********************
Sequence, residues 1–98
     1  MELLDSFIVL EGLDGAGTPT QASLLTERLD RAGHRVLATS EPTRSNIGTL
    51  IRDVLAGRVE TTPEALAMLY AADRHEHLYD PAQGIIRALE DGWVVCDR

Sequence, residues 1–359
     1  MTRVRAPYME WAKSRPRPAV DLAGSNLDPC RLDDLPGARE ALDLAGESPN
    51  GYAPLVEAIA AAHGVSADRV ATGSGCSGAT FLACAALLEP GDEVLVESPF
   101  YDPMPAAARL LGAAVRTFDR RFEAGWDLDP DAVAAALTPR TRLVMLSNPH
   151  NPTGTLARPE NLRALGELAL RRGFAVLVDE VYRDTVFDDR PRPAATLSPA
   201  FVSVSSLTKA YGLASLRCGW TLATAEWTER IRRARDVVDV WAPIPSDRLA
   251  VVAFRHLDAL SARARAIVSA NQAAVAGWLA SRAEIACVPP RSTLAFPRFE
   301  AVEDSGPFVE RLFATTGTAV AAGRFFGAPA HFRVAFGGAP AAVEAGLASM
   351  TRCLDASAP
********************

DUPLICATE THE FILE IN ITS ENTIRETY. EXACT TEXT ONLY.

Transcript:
Sequence, residues 1–98
     1  MELLDSFIVL EGLDGAGTPT QASLLTERLD RAGHRVLATS EPTRSNIGTL
    51  IRDVLAGRVE TTPEALAMLY AADRHEHLYD PAQGIIRALE DGWVVCDR

Sequence, residues 1–359
     1  MTRVRAPYME WAKSRPRPAV DLAGSNLDPC RLDDLPGARE ALDLAGESPN
    51  GYAPLVEAIA AAHGVSADRV ATGSGCSGAT FLACAALLEP GDEVLVESPF
   101  YDPMPAAARL LGAAVRTFDR RFEAGWDLDP DAVAAALTPR TRLVMLSNPH
   151  NPTGTLARPE NLRALGELAL RRGFAVLVDE VYRDTVFDDR PRPAATLSPA
   201  FVSVSSLTKA YGLASLRCGW TLATAEWTER IRRARDVVDV WAPIPSDRLA
   251  VVAFRHLDAL SARARAIVSA NQAAVAGWLA SRAEIACVPP RSTLAFPRFE
   301  AVEDSGPFVE RLFATTGTAV AAGRFFGAPA HFRVAFGGAP AAVEAGLASM
   351  TRCLDASAP